“Economics is a subject that does not greatly respect one’s wishes”*…
A not-so-dismal look at the “science” of economics: “the world’s first and only stand-up economist” Yoram Bauman reviews the weirdest and most wonderful papers ever published in economics journals… Consider, e.g.,
“Japan’s Phillips Curve looks like Japan” (2008) by Gregor Smith
Smith’s webpage used to link to a version of the paper with this note: “The title is also the abstract and, frankly, most of the text.”
Japan’s Phillips Curve is shown in the right-hand panel of Figure 1. The data are monthly from January 1980 to August 2005.
For ease of viewing, the left-hand panel of Figure 1 rotates the Phillips Curve around the vertical axis so that minus the unemployment rate now is on the horizontal axis. Clearly visible are the islands of Hokkaido and Honshu, though it is somewhat difficult to separately distinguish the southern islands of Kyushu and Shikoku. The Noto-Hanto Penninsula is evident to the north of the southern end of the main island of Honshu. Tokyo Bay is also visible. The data point to the far left in Figure 1 is the island of Fukue-Jima.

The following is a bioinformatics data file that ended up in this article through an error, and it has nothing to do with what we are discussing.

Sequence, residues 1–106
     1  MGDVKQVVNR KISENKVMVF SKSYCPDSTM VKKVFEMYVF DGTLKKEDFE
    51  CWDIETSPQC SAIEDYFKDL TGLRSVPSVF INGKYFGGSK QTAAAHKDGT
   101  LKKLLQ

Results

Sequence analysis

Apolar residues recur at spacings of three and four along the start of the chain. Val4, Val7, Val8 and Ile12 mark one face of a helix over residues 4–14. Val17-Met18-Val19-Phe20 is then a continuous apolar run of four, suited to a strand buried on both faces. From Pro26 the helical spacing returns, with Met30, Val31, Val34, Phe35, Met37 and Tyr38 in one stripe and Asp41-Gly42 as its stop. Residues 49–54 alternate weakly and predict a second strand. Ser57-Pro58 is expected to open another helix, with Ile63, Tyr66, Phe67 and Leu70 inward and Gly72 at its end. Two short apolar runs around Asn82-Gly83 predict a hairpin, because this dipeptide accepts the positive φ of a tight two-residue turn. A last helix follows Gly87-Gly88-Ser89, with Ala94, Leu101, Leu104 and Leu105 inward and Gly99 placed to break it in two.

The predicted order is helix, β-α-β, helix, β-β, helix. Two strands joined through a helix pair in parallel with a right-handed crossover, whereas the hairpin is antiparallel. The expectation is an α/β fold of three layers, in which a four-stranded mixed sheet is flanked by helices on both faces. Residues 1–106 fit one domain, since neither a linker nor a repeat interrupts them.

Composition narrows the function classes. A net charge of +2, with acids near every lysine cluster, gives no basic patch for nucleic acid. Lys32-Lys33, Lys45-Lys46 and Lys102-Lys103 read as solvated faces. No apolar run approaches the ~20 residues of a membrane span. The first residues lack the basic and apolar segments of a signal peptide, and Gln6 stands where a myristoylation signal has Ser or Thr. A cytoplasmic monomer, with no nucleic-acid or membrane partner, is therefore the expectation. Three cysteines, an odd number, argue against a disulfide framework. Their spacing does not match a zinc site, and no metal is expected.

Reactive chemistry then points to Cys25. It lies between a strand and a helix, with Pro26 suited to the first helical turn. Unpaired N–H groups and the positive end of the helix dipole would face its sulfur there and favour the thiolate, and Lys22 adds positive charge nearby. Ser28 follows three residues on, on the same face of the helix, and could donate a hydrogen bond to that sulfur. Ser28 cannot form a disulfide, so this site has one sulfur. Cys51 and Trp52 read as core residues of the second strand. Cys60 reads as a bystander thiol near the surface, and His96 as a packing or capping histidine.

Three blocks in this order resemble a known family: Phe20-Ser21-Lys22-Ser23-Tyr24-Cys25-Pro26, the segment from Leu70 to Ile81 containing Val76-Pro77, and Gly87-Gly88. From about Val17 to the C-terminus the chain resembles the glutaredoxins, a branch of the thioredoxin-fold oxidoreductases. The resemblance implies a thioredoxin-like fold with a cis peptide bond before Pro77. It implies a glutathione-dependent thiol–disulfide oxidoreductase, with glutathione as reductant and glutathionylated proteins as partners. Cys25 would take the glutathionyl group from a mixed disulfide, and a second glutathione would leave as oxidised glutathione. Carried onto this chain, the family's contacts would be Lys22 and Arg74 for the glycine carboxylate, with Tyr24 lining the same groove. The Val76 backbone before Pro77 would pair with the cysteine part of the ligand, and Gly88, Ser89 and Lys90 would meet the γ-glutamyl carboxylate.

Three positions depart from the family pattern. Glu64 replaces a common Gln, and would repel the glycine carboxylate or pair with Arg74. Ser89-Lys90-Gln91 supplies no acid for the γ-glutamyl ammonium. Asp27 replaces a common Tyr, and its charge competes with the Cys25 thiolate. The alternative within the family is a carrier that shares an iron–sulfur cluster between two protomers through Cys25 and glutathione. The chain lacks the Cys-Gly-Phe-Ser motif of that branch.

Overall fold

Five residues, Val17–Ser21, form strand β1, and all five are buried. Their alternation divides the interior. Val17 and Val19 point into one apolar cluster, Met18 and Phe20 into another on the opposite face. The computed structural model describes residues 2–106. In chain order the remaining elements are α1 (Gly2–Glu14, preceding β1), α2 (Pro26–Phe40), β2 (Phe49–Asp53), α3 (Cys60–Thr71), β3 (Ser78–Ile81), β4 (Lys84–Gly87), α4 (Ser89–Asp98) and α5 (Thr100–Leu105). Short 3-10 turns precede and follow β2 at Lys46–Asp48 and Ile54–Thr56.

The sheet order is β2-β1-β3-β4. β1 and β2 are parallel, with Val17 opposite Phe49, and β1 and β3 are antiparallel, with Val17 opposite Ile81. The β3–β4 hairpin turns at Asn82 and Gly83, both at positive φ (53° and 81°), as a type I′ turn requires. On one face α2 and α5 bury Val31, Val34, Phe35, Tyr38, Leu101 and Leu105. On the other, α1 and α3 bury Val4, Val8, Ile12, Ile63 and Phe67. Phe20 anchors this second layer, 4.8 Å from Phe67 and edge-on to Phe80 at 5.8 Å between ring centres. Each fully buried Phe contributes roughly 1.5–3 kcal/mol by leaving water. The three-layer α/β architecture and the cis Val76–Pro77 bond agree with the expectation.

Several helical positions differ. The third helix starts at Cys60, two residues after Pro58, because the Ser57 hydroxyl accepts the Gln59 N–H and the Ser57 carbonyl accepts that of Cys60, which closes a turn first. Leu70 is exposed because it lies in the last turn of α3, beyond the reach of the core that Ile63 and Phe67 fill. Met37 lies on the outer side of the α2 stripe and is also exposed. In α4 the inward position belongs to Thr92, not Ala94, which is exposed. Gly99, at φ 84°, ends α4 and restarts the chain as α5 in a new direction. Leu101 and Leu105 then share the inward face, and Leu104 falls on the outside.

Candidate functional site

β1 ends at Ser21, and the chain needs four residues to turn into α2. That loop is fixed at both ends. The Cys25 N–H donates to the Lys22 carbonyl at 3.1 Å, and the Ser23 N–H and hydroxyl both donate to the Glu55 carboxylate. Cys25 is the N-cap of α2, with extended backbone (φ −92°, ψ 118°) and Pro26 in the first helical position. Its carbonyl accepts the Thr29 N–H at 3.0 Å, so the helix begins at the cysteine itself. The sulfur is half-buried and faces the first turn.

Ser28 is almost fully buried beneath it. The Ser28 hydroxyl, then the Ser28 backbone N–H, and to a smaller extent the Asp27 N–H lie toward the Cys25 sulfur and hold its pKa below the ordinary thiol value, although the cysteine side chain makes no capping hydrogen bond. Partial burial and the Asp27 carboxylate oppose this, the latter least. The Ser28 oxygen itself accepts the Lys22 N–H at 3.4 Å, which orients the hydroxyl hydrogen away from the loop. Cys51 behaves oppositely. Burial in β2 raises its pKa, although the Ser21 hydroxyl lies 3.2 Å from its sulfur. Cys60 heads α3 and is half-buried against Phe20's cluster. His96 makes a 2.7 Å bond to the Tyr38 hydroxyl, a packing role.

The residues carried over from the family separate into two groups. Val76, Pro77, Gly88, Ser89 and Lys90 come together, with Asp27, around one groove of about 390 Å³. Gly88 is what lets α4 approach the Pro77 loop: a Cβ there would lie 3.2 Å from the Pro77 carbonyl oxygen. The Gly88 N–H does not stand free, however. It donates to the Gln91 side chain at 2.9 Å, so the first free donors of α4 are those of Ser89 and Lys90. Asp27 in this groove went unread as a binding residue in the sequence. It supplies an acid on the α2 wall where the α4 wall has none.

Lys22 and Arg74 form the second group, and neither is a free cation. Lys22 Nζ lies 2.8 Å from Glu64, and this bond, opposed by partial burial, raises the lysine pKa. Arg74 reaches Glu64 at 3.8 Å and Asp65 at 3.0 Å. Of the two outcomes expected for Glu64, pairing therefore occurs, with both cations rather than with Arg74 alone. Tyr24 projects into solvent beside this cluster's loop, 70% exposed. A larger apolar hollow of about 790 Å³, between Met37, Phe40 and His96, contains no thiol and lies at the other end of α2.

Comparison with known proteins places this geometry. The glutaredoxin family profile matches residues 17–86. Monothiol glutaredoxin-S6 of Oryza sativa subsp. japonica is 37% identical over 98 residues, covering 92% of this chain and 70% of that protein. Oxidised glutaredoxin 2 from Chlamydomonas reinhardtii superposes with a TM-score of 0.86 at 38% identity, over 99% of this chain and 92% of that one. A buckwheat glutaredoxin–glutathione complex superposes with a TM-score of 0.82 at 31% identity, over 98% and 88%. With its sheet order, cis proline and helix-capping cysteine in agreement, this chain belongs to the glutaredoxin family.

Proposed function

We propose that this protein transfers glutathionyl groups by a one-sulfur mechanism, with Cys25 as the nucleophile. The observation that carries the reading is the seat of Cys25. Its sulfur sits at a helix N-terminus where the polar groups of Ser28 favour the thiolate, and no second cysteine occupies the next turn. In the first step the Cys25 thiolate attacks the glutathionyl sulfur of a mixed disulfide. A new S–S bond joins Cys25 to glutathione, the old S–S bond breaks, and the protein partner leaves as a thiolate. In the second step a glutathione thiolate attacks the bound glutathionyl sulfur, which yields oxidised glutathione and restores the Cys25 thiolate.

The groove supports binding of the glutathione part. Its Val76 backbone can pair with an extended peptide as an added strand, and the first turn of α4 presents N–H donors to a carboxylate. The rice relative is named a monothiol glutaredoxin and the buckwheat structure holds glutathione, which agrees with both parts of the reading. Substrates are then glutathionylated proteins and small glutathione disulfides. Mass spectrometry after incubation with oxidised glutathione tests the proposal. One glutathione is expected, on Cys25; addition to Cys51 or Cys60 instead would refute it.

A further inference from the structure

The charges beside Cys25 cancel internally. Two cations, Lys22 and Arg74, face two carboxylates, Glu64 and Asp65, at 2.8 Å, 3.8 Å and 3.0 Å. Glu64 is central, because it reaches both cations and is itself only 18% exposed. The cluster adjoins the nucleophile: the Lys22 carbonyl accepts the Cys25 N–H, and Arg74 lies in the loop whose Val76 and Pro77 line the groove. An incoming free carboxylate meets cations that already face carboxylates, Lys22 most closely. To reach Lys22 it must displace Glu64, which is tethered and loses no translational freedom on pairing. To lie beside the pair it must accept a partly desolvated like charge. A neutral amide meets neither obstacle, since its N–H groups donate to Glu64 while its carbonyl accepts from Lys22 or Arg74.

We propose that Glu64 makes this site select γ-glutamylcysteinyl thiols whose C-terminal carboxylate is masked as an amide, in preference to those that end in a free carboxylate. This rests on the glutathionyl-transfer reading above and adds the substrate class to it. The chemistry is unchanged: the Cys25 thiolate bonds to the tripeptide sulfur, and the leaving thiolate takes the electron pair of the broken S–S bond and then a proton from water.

Ten others– including Bauman’s own hysterical take-down of Gregory Mankiw and “On the efficiency of AC/DC? Bon Scott versus Brian Johnson,” featured here in pre-blog times– at “Top 11 Funniest Papers in the History of Economics.”
* Nikita Khrushchev (widely attributed)
As we search for one-armed economists, we might spare a thought for Charles Darrow; he died on this date in 1967. It was Darrow who took a Quaker game that inveighed against acquisitiveness and turned it into the monopoly that is Monopoly.